Dissatisfied with the less than super performance of Marvel Entertainment’s stock in recent months, Ronald Perelman’s MacAndrew & Forbes yesterday announced that it plans to make a cash tender offer of an estimated $ 300 million to buy up to 11 million common shares of Marvel for $ 25 a share.
That stake, added to the 60% of Marvel MacAndrews & Forbes already owns via its subsidiary New Marvel Holdings, would bump the parent company ownership to about 80%.
The news sent Marvel’s stock skyward, climbing $ 4.25, or 22%, to close at $ 23.75. “This is a $ 30-a-share stock by the end of this year,” contends Lisabeth Barron, an entertainment analyst at S.G. Warburg, who currently has a buy recommendation on the stock.
Also fueling the stock was yesterday’s announcement by Marvel that it was forming a new company, Toy Biz Inc., with Toy Biz and toy creator Avi Arad. Marvel will own 46% of the new venture.
While MacAndrew & Forbes would not comment, Wall Street drew its own conclusions.
“The stock was at $ 28 a share a few months ago; today it was at $ 19,” noted Barron. “They want to show the market that they think people are not recognizing the stock’s true value and that they believe it’s going a lot higher in the next year and a half.”
Marvel’s storyline has resembled that of its comic books in terms of incredible performance. Financier Perelman bought a controlling interest in the company in 1989 from New World for $ 82.5 million, financing 88% of the purchase through a revolving credit line.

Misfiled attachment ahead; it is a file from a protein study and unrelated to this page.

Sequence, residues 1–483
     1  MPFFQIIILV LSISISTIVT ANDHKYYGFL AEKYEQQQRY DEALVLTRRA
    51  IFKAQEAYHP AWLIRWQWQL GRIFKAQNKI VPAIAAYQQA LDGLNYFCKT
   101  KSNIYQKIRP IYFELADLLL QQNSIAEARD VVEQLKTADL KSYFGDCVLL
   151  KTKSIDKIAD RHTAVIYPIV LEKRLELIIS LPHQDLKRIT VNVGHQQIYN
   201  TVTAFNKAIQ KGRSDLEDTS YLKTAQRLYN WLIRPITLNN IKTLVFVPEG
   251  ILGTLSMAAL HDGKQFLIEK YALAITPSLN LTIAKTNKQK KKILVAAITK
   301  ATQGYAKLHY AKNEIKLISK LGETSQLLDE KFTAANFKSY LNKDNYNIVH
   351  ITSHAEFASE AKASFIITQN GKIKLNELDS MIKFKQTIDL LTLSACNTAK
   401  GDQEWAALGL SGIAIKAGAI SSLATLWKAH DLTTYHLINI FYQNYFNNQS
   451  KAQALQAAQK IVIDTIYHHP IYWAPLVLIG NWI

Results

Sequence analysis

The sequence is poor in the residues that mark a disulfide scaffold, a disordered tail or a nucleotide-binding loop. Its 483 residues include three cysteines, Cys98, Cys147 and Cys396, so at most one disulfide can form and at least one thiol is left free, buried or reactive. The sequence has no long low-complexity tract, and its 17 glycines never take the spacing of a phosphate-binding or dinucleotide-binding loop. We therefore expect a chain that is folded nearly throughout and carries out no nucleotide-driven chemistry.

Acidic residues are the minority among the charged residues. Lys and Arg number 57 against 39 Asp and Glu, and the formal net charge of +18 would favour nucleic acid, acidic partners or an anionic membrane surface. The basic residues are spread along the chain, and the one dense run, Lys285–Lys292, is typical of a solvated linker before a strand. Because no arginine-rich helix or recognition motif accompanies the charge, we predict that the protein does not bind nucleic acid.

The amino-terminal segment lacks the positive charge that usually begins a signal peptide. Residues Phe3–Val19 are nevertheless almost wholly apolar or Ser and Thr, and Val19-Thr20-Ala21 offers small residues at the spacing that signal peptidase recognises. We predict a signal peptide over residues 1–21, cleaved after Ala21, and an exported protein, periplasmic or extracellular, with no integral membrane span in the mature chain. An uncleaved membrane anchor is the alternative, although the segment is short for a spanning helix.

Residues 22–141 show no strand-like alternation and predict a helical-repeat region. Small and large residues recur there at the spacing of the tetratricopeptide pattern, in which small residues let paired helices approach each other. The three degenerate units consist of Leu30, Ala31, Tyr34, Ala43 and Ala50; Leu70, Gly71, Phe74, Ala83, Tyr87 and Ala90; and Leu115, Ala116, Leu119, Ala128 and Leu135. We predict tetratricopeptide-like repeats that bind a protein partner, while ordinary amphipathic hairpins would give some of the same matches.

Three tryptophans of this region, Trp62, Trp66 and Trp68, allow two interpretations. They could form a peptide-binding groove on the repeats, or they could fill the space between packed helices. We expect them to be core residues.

Over the next couple of years, new managers goosed revenues 55% while multiplying profits sixfold. After a public offering in 1991 priced at $ 4.125 (split-adjusted), the stock has soared almost 600% over the next year and a half reaching a high of $ 28.25 in early January.
But some on Wall Street feared the stock was becoming overheated. The share price has drifted down on concerns that Marvel’s purchase of Fleer trading card company will make 1993 tough.
This is despite robust earnings both at Marvel and at Fleer and increased interest by Hollywood in the company’s characters (James Cameron is developing a big-budget Spiderman feature which is slated for domestic distribution by TriStar, while Wes Craven will do Dr. Strange for Savoy Pictures).
MacAndrews & Forbes said the offer for Marvel Entertainment will be contingent upon a minimum of 10 million shares being validly tendered and not withdrawn before the expiration of the offer.
The offer hinges on obtaining the $ 300 million in financing necessary to buy the shares and pay related expenses. New Marvel Holdings has retained Merrill Lynch to raise the necessary funds through the private placement of debt securities.